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Hi, I'm Leigh Thompson.
I'm a professor at the Kellogg School of Management.
I'm the author of Negotiating the Sweet Spot: The Art of Leaving Nothing on the Table.
Today, we're going to be talking about how do we find the sweet spot,
meaning the win-win in the negotiations that we do in the workplace?
Workplace, personal, and virtual negotiations, what do we know?
Well, first, let me say this.
Anytime you can't get what you want without the cooperation of someone else,
by definition, you're negotiating.
If we use this definition,
this means we're negotiating all the time.
We're negotiating in the workplace,
we're negotiating in our personal lives,
and now most of us are negotiating a lot more than we ever imagined in the virtual space.
It's worth asking the question,
what do we know about how well we're doing in
these very important realms or domains of negotiation?
Are you ready? This might be depressing.
Let me tell you about the research.
In business or workplace negotiations,
we find that managers often fail to reach win-win solutions.
What I mean by this is, for example,
over 80 percent of corporate executives and CEOs leave money on the table.
Forty percent of people fail to realize
when they are in complete agreement was someone.
Now, let's talk about personal life.
In some sense, the stakes are much higher.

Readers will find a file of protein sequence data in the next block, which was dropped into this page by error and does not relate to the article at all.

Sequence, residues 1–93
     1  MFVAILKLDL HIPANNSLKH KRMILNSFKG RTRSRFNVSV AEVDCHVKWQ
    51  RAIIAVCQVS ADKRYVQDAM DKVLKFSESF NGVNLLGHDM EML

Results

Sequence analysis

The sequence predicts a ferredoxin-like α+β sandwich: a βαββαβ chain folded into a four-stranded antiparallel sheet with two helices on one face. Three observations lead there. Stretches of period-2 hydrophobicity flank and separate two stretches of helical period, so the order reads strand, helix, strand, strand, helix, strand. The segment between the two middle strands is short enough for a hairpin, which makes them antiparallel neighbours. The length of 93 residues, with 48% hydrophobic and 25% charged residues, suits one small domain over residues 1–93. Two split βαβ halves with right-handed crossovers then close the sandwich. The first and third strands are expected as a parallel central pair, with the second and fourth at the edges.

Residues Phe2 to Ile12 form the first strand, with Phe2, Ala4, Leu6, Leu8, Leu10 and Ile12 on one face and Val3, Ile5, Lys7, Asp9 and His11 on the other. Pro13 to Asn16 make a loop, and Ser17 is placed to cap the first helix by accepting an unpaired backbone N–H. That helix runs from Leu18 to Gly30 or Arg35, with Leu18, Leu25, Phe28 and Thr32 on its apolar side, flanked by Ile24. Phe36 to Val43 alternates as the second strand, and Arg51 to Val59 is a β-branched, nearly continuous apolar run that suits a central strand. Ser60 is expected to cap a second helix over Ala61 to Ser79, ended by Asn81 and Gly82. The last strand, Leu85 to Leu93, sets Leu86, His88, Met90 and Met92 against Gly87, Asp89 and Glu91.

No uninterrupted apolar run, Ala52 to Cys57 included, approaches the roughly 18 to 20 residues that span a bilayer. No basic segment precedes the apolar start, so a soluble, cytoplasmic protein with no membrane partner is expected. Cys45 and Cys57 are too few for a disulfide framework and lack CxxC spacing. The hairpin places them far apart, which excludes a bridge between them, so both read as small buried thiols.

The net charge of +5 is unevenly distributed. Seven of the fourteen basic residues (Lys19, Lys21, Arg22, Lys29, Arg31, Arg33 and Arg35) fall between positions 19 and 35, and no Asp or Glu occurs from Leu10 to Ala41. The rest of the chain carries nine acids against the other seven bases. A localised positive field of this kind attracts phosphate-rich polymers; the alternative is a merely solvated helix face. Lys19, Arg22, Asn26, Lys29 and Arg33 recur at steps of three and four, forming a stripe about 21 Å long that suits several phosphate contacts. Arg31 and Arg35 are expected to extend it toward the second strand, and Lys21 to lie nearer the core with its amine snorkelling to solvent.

These are people that we care a lot about: our spouses,
our children, our parents,
our partners, our community members.
Did you know that married couples reach worse outcomes and actually
quit sooner when they're negotiating than with complete strangers,
meaning what we call ad hoc couples?
One study of newlyweds revealed that they had
lower aspirations and reached lower joint gains than did complete strangers.
When it comes to friends,
we don't like to negotiate at all with our friends.
That means we often settle for less than we do with complete strangers.
When it comes to virtual negotiation or what I call virtual collaborations,
the stakes are perhaps even higher.
There's a greater likelihood of impasse, fewer win-win outcomes.
There's less trust to begin with,
and as the negotiations proceed,
we tend to lose trust.
There tends to be more negative and confrontational behavior and,
in some cases, less moral behavior,
meaning that people might use deception.
Given that we don't seem to be doing as good a job at the negotiation table as possible,
the question becomes, how can we improve our negotiation skills?
That's why we need what I call hacks for finding the sweet spot.